UPDATE: On Thursday, April 13, the Minnesota House passed House File 3 on a party line vote. The bill heads to the Democratic-controlled Senate.
WASHINGTON, D.C. — On Friday, Jan. 6, the two year anniversary of the 2021 attack on the U.S. Capitol, Minnesota Democratic-Farmer-Labor state lawmakers announced the formation of a legislative caucus focused on “defending democracy.” The new caucus introduced a major package of pro-voting reforms, House File 3 or the “Democracy for the People Act,” earlier in the week. During the 2022 midterm elections, the Democratic-Farmer-Labor Party flipped control of the Minnesota state Senate, giving Democrats in Minnesota a state government trifecta to advance their priorities.
The “Democracy for the People Act” would allow 16- and 17-year-olds to pre-register to vote, permit voters to opt-in to a permanent absentee voter list, require voting materials in multiple languages and strengthen voter intimidation and deception penalties. Additionally, H.F. 3 would establish automatic voter registration at the Department of Public Safety (where Minnesotans apply for driver’s licenses), Department of Human Services (where Minnesotans apply for MinnesotaCare, the state’s health care program for low income individuals) and other participating state agencies.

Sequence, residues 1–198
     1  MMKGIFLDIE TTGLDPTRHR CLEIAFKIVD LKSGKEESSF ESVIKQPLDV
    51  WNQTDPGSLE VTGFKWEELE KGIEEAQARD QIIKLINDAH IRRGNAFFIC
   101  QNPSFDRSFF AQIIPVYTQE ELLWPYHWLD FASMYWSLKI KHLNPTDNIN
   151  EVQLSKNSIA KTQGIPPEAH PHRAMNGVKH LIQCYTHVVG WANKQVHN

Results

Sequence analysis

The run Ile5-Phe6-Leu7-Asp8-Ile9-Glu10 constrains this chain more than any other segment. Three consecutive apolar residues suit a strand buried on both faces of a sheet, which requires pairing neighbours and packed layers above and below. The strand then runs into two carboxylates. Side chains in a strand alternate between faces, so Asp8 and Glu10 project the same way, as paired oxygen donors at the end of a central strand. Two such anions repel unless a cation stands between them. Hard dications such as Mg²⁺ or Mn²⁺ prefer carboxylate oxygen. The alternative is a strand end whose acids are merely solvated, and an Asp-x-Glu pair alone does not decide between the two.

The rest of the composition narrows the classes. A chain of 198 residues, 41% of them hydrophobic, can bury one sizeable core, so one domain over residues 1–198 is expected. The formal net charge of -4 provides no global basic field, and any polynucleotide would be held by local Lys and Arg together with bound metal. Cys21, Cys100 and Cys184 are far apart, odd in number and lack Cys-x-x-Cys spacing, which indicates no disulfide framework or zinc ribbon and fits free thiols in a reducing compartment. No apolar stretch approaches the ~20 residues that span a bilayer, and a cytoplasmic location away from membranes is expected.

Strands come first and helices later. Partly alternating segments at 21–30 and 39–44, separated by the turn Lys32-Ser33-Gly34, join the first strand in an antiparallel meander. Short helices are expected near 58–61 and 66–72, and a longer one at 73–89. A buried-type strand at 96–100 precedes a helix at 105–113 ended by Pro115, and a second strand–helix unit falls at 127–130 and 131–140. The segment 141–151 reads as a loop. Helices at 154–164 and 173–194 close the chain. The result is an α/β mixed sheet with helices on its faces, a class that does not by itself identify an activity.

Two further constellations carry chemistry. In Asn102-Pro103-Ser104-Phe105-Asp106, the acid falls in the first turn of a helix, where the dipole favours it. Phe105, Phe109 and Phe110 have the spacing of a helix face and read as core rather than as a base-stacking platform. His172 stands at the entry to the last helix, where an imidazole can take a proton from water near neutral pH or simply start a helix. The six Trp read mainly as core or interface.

The omnibus bill would create a public fund for campaign contributions where each registered voter would be allotted two “Democracy Dollars coupons” with a $25 dollar value donatable to a political party or campaign committee. The city of Seattle became the first jurisdiction to adopt such a process in 2015; in a political environment dominated by wealthy donors and special interests, public financing systems are growing in popularity among pro-democracy and anti-corruption groups.
Finally, H.F. 3 would restore the right to vote for individuals who are no longer incarcerated for a felony conviction. Currently, Minnesota restores voting rights to those convicted of felonies after the completion of an entire sentence, which almost always includes probation and/or parole. According to the Sentencing Project, 75% of disenfranchised individuals are out of prison and living among their communities. H.F. 3 would move Minnesota’s policy in line with 22 other states, where people convicted of felonies only lose voting rights while physically in prison. The bill also outlines the responsibility of the secretary of state to procure “accurate and complete information” on rights restoration changes and the expectation for correctional facility officials to provide robust notice of voting rights as part of the re-entry process following incarceration.
Two subsections of this omnibus bill (also filed in their own respective bills) — pre-registering to vote for 16- and 17-year-olds and rights restoration after incarceration — will have a hearing held by the House Elections Finance and Policy Committee on Wednesday, Jan, 11 at 8:30 CST.